The Antidote for Hopelessness

By B.J. Funk

Hopelessness and Christianity cannot live in the same body, for the first word means we have no hope and the second word means we have all the hope in the world. To be hopeless indicates defeat. However, to be a Christian indicates the acceptance of the Power of the universe into our lives. So, how can we be both? How can we be a Christian and also be hopeless?

This was my dilemma when my husband was diagnosed with Chronic Myeloid Leukemia. Sitting by his tired body, I watched the infusion of blood change his color many times from stark pale to pink. Week after week, the blood counts gave horrid results. The doctor at Emory didn’t hold back. “Frankly, Mr. Funk, there is no cure for your type of leukemia.”

His words hit us both with cruel reality. What to do? Where to find hope when the prognosis is so grim? We both believed in divine healing and knew that God could take away the leukemia in a second. But, until he did—and if he didn’t—where could we find hope? A steady flow of poison began to move in my heart. It was toxic, deadly and cruel. It was called hopelessness.

I went to the Psalms, and there I gained an important truth. The psalmists felt like I did as they poured their hearts out to God. If they started out complaining, they often ended recognizing God in their situation. They realized that God’s presence and care made the odds meaningless. Usually the hope and confidence in God outweighed the fear and suffering. This was my answer! Many of my prayers started like the psalmists. “Oh God, please heal Roy. Take away this leukemia.” But, more and more I ended my prayer acknowledging his faithfulness. “Please heal Roy, and thank you for the family who brought us dinner tonight.” My complaint and his faithfulness. Somehow, it helped.

We had to learn that while we had one idea in mind, God had another. We don’t think like God thinks. Our minds are limited, clouded with pressures of this life. Isaiah 55: 8 states, “For my thoughts are not your thoughts, neither are your ways my ways.”

Then, I touched a golden nugget tucked away in Psalm 31:24. “Be of good courage, and he shall strengthen your heart, all you who hope in the Lord.” So, we were not to hope in the cure. We were to hope in the Lord! We were not to hope in what the doctor said. We were to hope in the Lord. There’s a big difference in hoping and waiting for what we want and in hoping and waiting on the goodness of God. Our hope had to be the knowledge that He would be with us in the storm. He will be faithful.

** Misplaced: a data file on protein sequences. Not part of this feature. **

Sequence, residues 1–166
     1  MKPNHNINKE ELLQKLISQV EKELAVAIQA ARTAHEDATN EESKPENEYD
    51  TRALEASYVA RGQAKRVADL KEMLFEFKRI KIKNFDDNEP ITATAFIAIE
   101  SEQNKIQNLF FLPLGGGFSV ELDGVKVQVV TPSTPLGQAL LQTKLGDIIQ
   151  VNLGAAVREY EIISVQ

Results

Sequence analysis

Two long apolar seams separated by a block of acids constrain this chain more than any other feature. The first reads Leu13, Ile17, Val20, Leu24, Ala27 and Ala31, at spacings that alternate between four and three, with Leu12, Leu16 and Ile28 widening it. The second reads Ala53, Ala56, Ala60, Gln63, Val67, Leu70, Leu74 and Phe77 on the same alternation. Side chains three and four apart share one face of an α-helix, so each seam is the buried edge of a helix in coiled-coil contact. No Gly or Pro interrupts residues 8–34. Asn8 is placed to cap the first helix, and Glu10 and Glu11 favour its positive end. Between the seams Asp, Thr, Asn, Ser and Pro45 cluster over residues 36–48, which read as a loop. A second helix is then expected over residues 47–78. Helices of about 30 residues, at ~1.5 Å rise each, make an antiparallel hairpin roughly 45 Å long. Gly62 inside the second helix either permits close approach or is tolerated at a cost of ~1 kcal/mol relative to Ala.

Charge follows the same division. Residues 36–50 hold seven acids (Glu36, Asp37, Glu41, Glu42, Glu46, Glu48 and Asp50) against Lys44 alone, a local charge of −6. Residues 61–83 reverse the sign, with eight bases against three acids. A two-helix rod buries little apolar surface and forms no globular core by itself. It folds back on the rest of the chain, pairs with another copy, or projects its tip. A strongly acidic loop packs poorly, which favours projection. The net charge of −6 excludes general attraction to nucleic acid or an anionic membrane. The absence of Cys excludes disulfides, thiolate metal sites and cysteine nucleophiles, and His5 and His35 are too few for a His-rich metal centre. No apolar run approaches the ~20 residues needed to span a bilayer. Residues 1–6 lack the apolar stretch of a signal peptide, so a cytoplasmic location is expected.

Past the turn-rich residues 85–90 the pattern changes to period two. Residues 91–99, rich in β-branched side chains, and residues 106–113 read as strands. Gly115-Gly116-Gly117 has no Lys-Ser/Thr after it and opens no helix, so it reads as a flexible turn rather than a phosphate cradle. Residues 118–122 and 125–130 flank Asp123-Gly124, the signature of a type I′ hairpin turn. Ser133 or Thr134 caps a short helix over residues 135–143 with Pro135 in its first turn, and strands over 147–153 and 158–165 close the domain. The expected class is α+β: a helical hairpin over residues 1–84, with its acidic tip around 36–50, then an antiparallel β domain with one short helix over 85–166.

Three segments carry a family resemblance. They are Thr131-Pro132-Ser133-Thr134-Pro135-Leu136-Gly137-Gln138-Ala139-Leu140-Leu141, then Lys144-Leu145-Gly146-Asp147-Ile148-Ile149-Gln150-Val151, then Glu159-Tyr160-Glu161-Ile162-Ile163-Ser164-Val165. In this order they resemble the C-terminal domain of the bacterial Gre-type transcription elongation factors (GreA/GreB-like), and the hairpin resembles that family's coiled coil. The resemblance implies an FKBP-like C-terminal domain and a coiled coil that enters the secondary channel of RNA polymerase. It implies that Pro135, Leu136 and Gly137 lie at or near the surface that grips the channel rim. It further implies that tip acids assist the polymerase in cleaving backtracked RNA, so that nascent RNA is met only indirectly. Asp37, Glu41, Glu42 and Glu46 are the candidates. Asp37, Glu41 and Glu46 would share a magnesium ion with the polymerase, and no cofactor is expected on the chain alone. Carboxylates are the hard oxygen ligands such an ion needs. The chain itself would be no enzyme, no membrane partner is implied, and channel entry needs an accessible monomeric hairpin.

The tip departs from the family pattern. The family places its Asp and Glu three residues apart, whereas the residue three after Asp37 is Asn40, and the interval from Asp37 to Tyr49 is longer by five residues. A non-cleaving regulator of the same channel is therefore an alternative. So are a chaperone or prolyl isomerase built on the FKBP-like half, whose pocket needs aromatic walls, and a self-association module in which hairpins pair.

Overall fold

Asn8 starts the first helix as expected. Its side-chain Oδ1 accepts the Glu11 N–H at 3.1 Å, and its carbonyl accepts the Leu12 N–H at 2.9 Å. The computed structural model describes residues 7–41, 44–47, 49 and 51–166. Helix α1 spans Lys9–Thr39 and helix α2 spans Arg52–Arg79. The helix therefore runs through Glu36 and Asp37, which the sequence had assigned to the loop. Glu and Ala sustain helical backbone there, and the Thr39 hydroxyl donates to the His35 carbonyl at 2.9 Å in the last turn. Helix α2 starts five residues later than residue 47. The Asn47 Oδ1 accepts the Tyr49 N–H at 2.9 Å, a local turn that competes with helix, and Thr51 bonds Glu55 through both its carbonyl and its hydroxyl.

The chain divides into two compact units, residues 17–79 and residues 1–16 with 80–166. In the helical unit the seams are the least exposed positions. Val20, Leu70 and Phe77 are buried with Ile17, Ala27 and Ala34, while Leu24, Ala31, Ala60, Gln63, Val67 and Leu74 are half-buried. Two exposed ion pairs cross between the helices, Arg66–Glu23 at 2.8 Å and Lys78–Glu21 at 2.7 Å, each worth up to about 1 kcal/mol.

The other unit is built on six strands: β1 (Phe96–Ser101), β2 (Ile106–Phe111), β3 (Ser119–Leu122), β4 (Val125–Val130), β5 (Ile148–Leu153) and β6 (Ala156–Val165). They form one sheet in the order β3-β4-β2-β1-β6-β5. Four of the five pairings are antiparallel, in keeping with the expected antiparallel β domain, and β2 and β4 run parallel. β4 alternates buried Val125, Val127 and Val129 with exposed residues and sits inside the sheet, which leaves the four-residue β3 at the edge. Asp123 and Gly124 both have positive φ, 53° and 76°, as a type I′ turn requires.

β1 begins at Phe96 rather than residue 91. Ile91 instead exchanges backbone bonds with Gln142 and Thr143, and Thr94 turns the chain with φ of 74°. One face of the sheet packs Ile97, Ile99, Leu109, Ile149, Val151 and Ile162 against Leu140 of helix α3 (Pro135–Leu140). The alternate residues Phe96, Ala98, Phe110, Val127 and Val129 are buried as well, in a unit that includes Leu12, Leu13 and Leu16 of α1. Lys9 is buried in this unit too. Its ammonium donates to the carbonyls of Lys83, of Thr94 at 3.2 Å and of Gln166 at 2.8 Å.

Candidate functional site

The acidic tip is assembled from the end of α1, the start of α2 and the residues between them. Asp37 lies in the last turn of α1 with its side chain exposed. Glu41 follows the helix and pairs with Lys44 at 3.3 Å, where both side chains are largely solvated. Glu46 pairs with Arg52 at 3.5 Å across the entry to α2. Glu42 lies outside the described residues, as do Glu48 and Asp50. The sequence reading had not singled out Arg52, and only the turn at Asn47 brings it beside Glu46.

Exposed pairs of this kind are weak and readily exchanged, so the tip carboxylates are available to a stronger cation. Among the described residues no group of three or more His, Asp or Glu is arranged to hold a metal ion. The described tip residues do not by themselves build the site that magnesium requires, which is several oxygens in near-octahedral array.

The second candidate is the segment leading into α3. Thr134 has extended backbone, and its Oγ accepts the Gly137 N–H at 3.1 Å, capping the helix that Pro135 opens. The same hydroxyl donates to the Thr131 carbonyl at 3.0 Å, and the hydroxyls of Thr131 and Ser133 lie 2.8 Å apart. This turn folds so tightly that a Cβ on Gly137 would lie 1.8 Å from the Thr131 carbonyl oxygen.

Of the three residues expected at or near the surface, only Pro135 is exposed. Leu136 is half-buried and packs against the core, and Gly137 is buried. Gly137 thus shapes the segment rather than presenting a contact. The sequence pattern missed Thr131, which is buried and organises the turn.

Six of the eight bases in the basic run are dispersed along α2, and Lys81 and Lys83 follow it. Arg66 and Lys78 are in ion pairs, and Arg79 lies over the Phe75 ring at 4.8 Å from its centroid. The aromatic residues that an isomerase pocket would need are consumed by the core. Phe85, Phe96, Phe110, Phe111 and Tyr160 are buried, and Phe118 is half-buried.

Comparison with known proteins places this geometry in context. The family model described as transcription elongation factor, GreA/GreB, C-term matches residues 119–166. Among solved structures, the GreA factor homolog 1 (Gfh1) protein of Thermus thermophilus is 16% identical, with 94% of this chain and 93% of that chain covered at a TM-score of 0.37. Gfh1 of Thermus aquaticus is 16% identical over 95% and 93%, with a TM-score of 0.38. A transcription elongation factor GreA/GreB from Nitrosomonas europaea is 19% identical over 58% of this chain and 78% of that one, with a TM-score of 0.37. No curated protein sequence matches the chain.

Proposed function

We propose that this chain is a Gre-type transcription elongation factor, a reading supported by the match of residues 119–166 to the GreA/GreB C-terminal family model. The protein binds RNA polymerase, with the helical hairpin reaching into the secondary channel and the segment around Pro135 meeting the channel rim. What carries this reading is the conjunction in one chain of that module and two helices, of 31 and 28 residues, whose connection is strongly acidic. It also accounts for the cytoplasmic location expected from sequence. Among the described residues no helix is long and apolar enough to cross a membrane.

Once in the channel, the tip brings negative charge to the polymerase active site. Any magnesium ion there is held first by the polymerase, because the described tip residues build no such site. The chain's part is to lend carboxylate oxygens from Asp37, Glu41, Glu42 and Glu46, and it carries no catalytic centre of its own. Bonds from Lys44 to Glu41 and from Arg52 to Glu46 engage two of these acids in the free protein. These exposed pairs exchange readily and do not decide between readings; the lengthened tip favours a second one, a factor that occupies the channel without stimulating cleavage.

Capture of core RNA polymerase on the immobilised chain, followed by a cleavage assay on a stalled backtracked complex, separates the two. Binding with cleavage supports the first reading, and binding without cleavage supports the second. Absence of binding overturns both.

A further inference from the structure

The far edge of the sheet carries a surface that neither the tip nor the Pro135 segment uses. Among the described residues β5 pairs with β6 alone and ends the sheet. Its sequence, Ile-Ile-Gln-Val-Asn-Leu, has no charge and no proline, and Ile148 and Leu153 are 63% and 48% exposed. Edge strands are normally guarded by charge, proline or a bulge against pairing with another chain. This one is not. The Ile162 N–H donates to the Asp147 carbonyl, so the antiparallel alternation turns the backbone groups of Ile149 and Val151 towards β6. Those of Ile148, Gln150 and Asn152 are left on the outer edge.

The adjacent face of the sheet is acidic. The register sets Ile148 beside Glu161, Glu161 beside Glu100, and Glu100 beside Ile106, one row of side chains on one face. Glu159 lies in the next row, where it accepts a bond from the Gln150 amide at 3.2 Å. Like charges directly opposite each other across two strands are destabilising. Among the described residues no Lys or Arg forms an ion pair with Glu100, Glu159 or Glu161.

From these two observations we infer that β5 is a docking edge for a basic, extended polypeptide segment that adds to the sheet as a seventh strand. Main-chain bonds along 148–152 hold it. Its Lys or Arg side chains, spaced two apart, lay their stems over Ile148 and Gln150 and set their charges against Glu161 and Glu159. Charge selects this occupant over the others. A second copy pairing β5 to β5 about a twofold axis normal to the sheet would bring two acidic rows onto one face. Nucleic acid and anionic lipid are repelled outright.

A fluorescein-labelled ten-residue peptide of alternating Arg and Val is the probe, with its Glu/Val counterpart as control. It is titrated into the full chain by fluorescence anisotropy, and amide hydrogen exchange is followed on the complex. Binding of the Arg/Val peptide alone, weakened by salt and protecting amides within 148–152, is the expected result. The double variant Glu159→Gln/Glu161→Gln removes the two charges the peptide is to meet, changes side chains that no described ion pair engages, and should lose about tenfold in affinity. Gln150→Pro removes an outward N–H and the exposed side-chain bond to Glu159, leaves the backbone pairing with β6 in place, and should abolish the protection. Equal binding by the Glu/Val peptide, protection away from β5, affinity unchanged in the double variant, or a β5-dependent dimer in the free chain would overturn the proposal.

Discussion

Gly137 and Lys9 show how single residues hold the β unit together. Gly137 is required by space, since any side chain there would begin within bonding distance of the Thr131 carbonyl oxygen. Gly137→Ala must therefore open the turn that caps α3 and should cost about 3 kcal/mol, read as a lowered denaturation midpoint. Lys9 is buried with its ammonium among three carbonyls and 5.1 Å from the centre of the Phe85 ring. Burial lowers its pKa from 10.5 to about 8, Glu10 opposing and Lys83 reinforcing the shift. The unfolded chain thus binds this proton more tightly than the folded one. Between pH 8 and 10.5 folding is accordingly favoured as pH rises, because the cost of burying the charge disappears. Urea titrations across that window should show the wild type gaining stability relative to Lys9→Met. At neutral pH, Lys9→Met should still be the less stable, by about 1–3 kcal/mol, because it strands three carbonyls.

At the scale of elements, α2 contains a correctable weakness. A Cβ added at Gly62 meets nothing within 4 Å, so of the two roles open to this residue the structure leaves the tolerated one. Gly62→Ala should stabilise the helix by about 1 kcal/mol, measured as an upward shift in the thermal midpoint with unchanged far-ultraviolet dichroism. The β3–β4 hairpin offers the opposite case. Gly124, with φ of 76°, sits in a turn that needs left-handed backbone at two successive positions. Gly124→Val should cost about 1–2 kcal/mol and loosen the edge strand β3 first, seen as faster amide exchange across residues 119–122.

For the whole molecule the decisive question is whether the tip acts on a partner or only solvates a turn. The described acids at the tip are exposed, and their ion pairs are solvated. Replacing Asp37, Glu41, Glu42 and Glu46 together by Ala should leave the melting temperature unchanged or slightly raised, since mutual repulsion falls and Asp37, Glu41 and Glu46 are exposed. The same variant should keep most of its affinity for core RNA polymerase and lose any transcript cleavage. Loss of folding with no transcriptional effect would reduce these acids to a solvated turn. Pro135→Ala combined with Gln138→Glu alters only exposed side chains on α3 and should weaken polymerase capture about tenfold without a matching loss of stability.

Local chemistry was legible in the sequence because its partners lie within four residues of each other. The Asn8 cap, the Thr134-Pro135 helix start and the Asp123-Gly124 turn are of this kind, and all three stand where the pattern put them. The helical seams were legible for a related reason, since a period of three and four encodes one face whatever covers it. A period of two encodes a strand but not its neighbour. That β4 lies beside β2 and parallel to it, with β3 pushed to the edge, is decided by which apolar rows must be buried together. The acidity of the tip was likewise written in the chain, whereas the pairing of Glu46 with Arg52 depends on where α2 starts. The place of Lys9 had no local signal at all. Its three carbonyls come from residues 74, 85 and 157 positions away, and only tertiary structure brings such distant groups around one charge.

A truth began to be so clear to me that it was as if I saw the words bouncing off of the walls in my home in large blinking lights: God does not think like me. His plans are larger than I can even fathom. He has his reasons. My mind is limited.

God showed himself to us in beautiful and real ways we would never have seen unless we had walked through leukemia and Roy’s eventual death in April, 2009. In the days before Roy moved his residence from earth to heaven, God spoke to both of us. Individually and together, we saw his faithfulness. Hopelessness is a poison from that scam artist, Satan himself! Once hopelessness captures our heart, there is a continual toxic flow that blows out the fire of our faith. For Christians, however, there is an antidote. It is not a way that points to our getting what we want; it is a way that points to getting what God wants, and that means only one thing: getting his sons and daughters into a deeper relationship with him. I keep Psalm 119:71 in a spot where I see it daily. “It was good for me to be afflicted that I might learn your decrees.”

What have you lost hope about? What are you so worried over that you can’t possibly see a way out? We must train ourselves to get our eyes off of the situation and onto Jesus. We can trust the One who died for us. Therein lies our hope.

In Jeremiah 31:13, God gives some beautiful words to the Israelites. We can claim them for ourselves. He says, “I will turn their mourning into dancing; I will give them comfort and joy instead of sorrow.”

I’m not dancing yet. But the other morning my right foot began a familiar but forgotten happy twist as I was getting ready for work. Maybe I’m on my way.

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